The Black Shield of Falworth

1954

Adventure / History / Romance

The Black Shield of Falworth (1954) download yts

Synopsis


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Director

Cast

Tony Curtis as Myles Falworth
Janet Leigh as Lady Anne of Mackworth
David Farrar as Gilbert Blunt, Earl of Alban
Barbara Rush as Meg Falworth
720p 1080p
1.20 GB
1280*720
APPROVED
23.976 fps
1hr 39 min
P/S Unknown
1.89 GB
1920*1080
APPROVED
23.976 fps
1hr 39 min
P/S Unknown

Movie Reviews

Reviewed by silverscreen888 8 / 10

Enjoyable Adventure, Memorable Characters; Vivid as a Tapestry Come to Life

This is an adaptation of Howard Pyle's "Men of Iron", and an unusually enjoyable film from start to finish. Ignore Tony Curtis's accent; it hardly matters to anyone that young and everyone in the film is bright, lively and suitable to his/her part. The direction by Rudolph Mate gives a light, sunny feel to the entire piece, and he keeps the action moving splendidly in my judgment. The storyline is classic. Myles and his sister Meg have been raised as peasants. One day they journey to Mackworth Castle and enter a new world, the world of noble landowners, quarrelsome young prigs and knights. Myles continues to search for the secret of his origins and finds it in the Library finally, the Black Shield of Falworth, shield of an attainted traitor--his father; of course he was innocent; and when Myles turns out to be a promising young knight of courage and natural skills, he is willing to be knighted in order to fight it out--at Prince Hal (the future Henry V's) plan--with the villain of the piece to claim his rightful heritage and wear the family symbol again. Along the way, he falls in love with the daughter of the household and his sister with his best friend in the dangerous and unruly body of young knights. In the cast along with Curtis and Barbara Rush as Meg are Janet Leigh, then Curtis's wife, as his love, Torin Thatcher in top form as the master of knights, David Farrar, Herbert Marshall as Mackworth, Dan O' Herlihy as Prince Hal, Patrick O'Neal as Walter Blunt (very good), and Craig ill as his friend Frances; others in the stellar cast include Ian Keith as Henry IV, Doris Lloyd, Rhys Williams, Maurice Marsac and others. Music was supplied by Hans J. Salter, and the screenplay adaptation of Pyle's novel is the work of Oscar Brodney. Irving Glasberg's cinematography is delightfully rich,the art direction by Alexander Golitzen and Richard H. Ledel very good indeed. Rosemary Odell's costume are worth the price of admission. But this is an in-depth adventurous look behind the grim tapestries that usually baffle the seeker into the late Medieval Age, There is humor in this film, much hard learning for the young knight-to-be, mystery, skillful dialogue and unusually well-developed characters. This is an enjoyable and memorable work that is bright and lively from start to finish.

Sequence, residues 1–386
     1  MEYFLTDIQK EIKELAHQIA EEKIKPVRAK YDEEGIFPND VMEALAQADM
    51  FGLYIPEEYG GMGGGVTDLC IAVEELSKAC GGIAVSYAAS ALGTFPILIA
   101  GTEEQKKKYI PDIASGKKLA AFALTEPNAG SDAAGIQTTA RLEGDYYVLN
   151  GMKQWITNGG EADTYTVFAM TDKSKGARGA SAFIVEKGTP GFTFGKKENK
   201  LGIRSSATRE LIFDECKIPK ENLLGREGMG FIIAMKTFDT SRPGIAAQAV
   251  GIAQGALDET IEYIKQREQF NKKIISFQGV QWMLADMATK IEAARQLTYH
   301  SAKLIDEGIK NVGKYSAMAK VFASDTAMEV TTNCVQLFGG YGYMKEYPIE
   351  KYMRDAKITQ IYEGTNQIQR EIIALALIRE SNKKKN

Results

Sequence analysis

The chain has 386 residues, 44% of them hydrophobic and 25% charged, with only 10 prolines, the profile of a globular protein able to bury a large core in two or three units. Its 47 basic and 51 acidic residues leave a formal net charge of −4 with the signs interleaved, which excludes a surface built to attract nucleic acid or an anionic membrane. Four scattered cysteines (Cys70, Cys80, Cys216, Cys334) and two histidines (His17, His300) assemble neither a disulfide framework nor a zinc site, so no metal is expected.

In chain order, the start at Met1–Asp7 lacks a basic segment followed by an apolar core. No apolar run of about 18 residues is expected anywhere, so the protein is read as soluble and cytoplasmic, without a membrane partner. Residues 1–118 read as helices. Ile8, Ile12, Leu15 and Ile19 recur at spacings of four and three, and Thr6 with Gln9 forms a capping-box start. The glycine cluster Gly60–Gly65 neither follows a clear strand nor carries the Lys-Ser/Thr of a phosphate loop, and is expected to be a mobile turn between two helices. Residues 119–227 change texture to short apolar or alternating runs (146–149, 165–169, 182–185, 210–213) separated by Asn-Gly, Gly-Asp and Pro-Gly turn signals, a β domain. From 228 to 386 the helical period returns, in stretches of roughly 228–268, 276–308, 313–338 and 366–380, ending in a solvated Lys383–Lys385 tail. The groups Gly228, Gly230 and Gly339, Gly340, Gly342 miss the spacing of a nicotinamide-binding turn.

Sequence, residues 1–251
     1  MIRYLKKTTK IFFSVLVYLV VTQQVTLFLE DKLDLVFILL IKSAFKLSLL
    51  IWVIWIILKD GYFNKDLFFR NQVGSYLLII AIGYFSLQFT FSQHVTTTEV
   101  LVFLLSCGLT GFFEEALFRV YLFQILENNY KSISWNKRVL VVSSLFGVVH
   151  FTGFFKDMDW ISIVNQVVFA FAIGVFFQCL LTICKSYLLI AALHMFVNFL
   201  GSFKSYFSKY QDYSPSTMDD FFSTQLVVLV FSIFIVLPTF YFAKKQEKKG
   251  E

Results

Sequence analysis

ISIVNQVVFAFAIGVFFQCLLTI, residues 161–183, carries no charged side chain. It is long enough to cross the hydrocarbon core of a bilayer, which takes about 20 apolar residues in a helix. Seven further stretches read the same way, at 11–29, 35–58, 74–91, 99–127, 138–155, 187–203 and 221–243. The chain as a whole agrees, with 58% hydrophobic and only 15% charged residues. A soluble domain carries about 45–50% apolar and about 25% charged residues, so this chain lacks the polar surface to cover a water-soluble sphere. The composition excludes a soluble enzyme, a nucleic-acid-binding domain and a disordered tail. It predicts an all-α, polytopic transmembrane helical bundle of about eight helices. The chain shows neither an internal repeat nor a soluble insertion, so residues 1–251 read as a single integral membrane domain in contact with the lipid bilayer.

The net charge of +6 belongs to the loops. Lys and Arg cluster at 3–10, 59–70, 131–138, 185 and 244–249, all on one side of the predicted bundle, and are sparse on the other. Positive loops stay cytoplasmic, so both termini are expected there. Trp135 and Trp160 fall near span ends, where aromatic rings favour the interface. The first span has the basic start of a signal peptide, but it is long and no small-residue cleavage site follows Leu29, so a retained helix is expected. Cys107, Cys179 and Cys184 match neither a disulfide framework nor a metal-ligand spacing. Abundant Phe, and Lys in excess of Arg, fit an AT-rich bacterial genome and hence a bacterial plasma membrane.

Reviewed by loza-1 7 / 10

Perfectly Watchable

Instead of trying to portray real historical events, Hollywood instead opts for a fictitious story set in the England of Henry IV. Nothing wrong with that, of course. Unusually for Hollywood, they actually make an effort to get things right historically, and broadswords are used as broadswords and not as rapiers. The weaponry and military techniques are pretty OK for a Hollywood film, and are, on the whole, accurate.

The fight sequences are very exciting and, along with the training methods, are probably the best bits of the film.

As to Tony Curtis's accent. Well, we have in Geoffrey Chaucer an authentic idea of what the English language in London was like in the early 15th century. It is ridiculous to write the script in Chaucerian English - not if you want to fill the cinemas, at any rate. Compare Tony Curtis in Black Shield with Olivier in Henry V. Is Olivier's accent any more correct or authentic? This is not the deepest film ever made, but there is plenty to enjoy about it.

Reviewed by My favorite movie as a boy 10 / 10

My favorite movie as a boy

I'm surprised and delighted to see so many other comments, two or three of them identical to the one I had planned to make. I too saw this movie at age 8, and enjoyed it so much, I thought it my favorite movie the whole time I was growing up. I haven't seen it since it came out 53 years ago (!) yet I still looked it up, when IMDb was invented. Other little boys obviously had the same experience I had. My favorite comedy moment (no plot spoiler) at age 8 was the one in which Tony, being disciplined, is forced to hold a cannon ball at arm's length overnight, and in the morning can't put down his arm. The young Janet Leigh was in the film too? She must have been ravishing, but I never even noticed, of course. Hope an affordable DVD comes out which I could share with my son before he's too old to fully enjoy it. Best wishes to you other guys. It wasn't your imagination; it really was special, if you were a boy.

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